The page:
One of the most popular dog breeds worldwide, the Alsatian or the German shepherd was originally bred as a herding dog. Fearless, agile, and very clever, it soon became the gold standard for police and army canine units. Known for its loyalty, courage, and excellent guarding instincts, the German shepherd also makes a fantastic family dog. But before you rush to get one to have as a pet, here are some things you should know about them.
Before you commit to getting a German shephard, be sure that you’d be able to care for this breed of dog well into its old age. A healthy and well-looked-after dog will live for up to 13 years, but the average lifespan is 11 years. That's twice as much as a French mastiff, but far less than a crossbreed.
Towards the end of their life, they tend to have joint disorders, bone and back problems, and hypothyroidism. Being so popular, it’s also a breed that you will tend to often see at dog rescues. So, if you don’t think you’d be able to care for a German shepherd this long, consider adopting an adult dog.
Inherently loyal, German shepherd dogs are happiest when they spend their time with their owner, never leaving their side. They yearn for companionship, and they thrive in a family environment. They become attached to children and other pets quickly, and they take excellent care of puppies, injured animals, and vulnerable people. They make excellent guide dogs, military service dogs, and search and rescue dogs.
As the name suggests, German shepherds are herding dogs. As such, they feel at home in the wild, and they love family outings. They also need regular exercise in the great outdoors. So, if you’re unable to walk them every day, you should ideally provide a large yard for them to explore and claim as their territory.
For herding dogs, running and barking go with the territory, so German shepherds can be very inquisitive and sometimes loud.
German shepherds are loyal and caring with all the members of their family, including children and other pets. But unlike other dogs, they’re also fiercely protective and brave. With the right amount of socialization and some professional obedience training, German shepherds puppies will develop into balanced and well-rounded adults.
However, without early intervention, they may become over-protective and aggressive toward strangers. They’re quick learners, and they’re very easy to train, so owners are generally happy for them to take classes.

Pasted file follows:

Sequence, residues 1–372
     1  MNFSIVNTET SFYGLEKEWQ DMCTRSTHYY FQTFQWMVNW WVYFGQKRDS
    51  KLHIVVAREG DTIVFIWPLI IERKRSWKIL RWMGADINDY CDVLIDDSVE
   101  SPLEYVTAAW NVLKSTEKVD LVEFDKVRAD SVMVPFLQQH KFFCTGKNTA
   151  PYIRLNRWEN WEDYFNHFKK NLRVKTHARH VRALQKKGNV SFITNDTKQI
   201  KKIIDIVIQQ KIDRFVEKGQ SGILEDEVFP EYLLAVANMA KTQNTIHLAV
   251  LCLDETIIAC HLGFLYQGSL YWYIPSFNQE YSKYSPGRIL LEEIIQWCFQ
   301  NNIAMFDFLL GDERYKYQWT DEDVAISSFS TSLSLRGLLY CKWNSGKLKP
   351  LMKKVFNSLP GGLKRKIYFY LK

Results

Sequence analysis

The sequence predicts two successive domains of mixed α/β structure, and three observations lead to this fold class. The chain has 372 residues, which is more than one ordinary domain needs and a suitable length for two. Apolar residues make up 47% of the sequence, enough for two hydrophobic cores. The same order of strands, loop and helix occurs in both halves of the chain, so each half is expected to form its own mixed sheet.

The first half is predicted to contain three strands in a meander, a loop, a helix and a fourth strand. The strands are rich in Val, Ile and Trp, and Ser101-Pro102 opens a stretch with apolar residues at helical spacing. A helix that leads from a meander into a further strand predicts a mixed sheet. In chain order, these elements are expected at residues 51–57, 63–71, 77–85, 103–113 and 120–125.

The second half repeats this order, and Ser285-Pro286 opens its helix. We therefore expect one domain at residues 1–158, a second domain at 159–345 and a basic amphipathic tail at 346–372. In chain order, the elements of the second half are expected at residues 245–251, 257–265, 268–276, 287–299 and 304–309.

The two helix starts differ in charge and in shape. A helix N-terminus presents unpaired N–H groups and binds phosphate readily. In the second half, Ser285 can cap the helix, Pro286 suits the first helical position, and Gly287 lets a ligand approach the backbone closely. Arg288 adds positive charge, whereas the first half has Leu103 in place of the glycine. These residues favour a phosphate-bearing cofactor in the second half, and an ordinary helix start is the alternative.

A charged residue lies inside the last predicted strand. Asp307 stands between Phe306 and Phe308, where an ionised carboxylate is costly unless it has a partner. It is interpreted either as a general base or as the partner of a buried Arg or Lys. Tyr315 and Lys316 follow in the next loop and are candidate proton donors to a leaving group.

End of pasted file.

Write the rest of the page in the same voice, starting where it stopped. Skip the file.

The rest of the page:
This breed is happiest when they spend time with their family. They should always be around people and other pets, able to meet other animals and socialize under supervision. They should never be confined to a kennel or left alone in the backyard. This can harm their self-esteem and affect their behavior toward people and animals. They’re very trusting and submissive toward their owner. They love to be given commands, and they’re very happy to do as they’re told, but especially if the atmosphere is playful and nurturing.
German shepherds always keep an eye out. Their posture, with upright ears upright and a straight back is iconic. Poised and competent, they listen intently for commands, and they’re eager to execute them. They’ll fetch, search, sit, jump, and heel in an instant. Because they’re so eager to execute commands, they’re excellent guard dogs. However, they should never be made to attack out of boredom or curiosity. They’re fierce fighters, and they’re not only quick to comply, but also very powerful dogs.
Few dog breeds are as tolerant and as accommodating as German shepherds when it comes to new family members, pets, and friends. Though they may be very suspicious of strangers, reacting to their gestures and words with distrust and overprotection, they adapt to new family circumstances easily, and they welcome new members naturally. They’re very sociable pets, and large as they are, they will happily extend an arm to shake your hand if they like you.
A clever and astute German shepherd will serve and help you without being told. Because they’re so intelligent, they need to be kept occupied. Otherwise, their boredom can turn into mischief, and because they’re such large and strong animals, they can cause quite a bit of damage. Mental enrichment is a key phrase for any German shepherd owner. Working on the dog’s mental integrity is just as important as maintaining its physical health. Enabling them to play, forage, socialize, and have a family life of their own will improve their behavior and solidify your relationship.